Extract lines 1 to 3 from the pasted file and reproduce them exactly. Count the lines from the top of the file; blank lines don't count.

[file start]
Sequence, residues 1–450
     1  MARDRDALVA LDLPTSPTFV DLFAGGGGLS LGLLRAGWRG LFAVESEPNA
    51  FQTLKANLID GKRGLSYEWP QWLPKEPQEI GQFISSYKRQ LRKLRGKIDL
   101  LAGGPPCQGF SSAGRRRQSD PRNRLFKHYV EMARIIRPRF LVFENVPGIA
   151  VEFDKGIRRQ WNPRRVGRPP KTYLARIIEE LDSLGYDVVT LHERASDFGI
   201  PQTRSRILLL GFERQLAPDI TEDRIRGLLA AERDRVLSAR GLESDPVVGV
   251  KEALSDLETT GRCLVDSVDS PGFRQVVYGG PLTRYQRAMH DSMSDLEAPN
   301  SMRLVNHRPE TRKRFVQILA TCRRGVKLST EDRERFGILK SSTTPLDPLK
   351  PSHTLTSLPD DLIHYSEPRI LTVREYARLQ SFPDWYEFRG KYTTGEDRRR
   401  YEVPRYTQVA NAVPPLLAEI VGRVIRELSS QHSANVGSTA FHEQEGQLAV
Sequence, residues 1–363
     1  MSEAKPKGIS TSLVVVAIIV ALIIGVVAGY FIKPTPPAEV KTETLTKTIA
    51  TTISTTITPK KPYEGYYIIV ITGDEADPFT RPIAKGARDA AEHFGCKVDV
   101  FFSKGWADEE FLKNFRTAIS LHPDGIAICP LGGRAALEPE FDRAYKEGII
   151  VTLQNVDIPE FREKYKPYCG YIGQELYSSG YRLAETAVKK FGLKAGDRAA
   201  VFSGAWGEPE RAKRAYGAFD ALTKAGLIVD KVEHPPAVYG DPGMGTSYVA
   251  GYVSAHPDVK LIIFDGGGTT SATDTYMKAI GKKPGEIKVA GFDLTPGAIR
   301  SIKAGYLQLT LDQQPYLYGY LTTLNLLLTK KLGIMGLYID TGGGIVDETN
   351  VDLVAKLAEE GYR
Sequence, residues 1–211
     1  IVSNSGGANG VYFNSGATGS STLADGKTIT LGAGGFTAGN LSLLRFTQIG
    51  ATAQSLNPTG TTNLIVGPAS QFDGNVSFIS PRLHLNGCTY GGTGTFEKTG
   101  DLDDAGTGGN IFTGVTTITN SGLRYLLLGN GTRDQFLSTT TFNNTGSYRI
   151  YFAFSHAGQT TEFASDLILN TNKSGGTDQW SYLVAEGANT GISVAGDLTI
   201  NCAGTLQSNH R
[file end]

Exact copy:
Sequence, residues 1–450
     1  MARDRDALVA LDLPTSPTFV DLFAGGGGLS LGLLRAGWRG LFAVESEPNA
    51  FQTLKANLID GKRGLSYEWP QWLPKEPQEI GQFISSYKRQ LRKLRGKIDL